Report on Cost of Doing Business highlights need for immediate action on insurance – Quinlivan
Sinn Féin TD Maurice Quinlivan today said that the government need to take immediate action on escalating insurance costs, which are having a detrimental impact on SMEs in Ireland and are significantly contributing to the cost of doing business in Ireland.
Speaking at the launch of the Oireachtas Committee on Business, Enterprise and Innovation’s report today, Teachta Quinlivan said;
“The Report on the Cost of Doing Business reflects a year of fact-finding and makes dozens of recommendations for reform. The Committee began studying stakeholders’ written submissions in 2017 followed by eight months of gathering oral testimony from 30 organisations.
“As a cross party committee, we have listened carefully to business representatives from various sectors of our economy and identified a number of common problems that are contributing to the cost of doing business in Ireland.
“It is clear the government need to take strong action on the insurance industry, as this is one of the major findings in the report. It is not just affecting businesses in terms of the cost of public liability and vehicle insurance, but it is also affecting workers who are getting massive car insurance premiums, which is putting pressure on their take home wage.
“The constant rise of insurance premiums is going unchecked and this is having a detrimental impact on SMEs in Ireland. We heard stories from businesses again and again about huge premium increases which are hampering growth and forcing some viable businesses to close.
“The recently announced Garda Fraud Unit is welcome, but it is a concern that this will be funded directly by insurers. There is a clear need for such a unit. However, it is the role of An Garda Síochána to form such a unit and it should be funded by the State.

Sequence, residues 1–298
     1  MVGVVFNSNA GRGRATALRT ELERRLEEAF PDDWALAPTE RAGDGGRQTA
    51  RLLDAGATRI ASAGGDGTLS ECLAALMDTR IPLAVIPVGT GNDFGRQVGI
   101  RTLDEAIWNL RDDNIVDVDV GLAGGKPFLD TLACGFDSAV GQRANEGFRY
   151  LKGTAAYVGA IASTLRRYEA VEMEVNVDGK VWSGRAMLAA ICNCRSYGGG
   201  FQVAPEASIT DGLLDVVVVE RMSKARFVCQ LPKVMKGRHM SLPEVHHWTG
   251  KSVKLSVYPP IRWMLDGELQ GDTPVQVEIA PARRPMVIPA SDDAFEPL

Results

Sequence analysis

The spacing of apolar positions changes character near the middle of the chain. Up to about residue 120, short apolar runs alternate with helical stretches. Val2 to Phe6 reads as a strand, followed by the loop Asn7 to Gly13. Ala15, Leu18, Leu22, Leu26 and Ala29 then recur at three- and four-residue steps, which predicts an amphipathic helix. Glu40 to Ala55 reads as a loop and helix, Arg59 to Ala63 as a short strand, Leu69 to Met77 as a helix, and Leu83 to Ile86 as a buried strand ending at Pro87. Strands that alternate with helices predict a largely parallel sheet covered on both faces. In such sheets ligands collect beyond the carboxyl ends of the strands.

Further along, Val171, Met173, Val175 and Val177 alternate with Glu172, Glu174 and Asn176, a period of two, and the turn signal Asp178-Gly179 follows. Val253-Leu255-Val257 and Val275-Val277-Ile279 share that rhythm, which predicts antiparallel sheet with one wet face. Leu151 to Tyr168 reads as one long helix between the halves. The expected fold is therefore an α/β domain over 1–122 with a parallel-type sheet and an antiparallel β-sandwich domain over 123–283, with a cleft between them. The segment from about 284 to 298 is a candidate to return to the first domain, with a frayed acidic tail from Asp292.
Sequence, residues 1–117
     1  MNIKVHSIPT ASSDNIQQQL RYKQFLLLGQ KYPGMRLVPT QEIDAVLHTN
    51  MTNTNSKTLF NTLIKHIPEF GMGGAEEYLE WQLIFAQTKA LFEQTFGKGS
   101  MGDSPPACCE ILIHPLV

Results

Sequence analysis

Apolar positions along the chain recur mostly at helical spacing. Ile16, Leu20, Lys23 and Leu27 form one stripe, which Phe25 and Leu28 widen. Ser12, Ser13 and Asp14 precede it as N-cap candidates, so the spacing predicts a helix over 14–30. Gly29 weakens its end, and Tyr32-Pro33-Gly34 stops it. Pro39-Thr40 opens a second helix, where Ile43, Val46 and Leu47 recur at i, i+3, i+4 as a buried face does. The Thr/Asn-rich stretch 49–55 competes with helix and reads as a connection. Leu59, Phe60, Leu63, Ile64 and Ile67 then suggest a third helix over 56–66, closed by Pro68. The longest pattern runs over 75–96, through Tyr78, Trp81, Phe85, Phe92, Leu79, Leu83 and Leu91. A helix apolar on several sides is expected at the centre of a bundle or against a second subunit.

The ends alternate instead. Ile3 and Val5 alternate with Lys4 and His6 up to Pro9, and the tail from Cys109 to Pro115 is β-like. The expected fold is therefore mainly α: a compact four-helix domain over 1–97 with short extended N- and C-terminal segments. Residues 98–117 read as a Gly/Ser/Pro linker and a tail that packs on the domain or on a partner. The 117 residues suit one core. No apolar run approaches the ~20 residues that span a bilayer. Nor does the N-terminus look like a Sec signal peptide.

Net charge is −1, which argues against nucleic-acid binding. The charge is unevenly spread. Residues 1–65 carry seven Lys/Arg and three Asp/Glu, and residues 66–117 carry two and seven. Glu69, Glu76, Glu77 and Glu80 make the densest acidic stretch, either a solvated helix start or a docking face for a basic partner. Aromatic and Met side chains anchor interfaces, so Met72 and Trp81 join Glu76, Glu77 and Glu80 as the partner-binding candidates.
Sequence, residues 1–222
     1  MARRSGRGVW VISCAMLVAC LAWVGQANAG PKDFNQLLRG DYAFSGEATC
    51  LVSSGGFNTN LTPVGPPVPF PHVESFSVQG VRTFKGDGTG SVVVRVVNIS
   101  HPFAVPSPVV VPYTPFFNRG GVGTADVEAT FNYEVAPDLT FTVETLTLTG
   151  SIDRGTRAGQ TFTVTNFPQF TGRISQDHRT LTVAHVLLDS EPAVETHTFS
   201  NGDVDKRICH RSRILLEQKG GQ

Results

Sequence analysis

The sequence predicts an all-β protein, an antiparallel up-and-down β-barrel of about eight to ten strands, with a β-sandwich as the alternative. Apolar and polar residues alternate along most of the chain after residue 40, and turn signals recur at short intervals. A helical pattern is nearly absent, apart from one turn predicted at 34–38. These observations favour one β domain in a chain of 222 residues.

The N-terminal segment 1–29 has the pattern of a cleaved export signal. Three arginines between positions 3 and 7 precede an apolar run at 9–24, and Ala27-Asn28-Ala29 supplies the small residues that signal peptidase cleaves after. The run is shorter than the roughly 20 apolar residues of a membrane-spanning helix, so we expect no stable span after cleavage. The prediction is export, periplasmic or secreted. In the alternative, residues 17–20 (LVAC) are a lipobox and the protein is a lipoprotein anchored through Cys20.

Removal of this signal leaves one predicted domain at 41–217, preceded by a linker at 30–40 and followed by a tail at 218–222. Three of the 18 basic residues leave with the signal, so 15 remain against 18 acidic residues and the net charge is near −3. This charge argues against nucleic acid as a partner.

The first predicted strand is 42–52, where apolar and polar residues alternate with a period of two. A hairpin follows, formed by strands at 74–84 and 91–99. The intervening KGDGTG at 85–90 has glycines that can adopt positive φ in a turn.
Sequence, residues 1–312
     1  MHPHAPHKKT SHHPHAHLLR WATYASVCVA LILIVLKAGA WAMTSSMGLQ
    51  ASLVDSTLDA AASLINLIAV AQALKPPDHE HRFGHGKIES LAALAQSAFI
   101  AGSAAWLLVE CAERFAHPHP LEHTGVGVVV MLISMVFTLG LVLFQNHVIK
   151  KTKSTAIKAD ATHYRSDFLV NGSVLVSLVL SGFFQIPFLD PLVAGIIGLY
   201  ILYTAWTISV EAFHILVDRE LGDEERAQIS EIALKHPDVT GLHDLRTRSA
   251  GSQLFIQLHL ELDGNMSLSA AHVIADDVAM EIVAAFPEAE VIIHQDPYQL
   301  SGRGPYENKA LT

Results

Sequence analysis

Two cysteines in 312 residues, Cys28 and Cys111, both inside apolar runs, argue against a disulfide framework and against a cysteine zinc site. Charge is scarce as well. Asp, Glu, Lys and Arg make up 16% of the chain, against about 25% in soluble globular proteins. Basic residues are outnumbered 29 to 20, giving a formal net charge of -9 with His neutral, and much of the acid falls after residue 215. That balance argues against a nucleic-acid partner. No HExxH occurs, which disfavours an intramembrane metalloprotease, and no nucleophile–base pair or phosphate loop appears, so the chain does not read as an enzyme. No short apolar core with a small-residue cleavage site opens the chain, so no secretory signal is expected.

“Recommendation 38 states that increased efforts be made by the government to substantially increase the number of people in apprenticeship programmes and increase the number of apprenticeship programmes to ensure Ireland has the skilled and educated workers needed for growing and emerging sectors of our economy.
“The infrastructure projects set out in Ireland 2040 will need a large cohort of skilled workers to deliver, so as a state we need to substantially increase this area of education and training. Worryingly the government have already missed some of their own apprenticeship targets, so they need to renew their focus in this area.
“Our report also states that reform of the commercial rates system is needed, and the government should prioritise bringing forward legislation in this area. Some businesses are facing huge rates revaluations, while Ibec estimate that up to €200 million in rates is going uncollected each year.
“The government must take note of the findings of this report, as these issues have come directly from businesses and particularly SMEs, who are the engine of our economy.”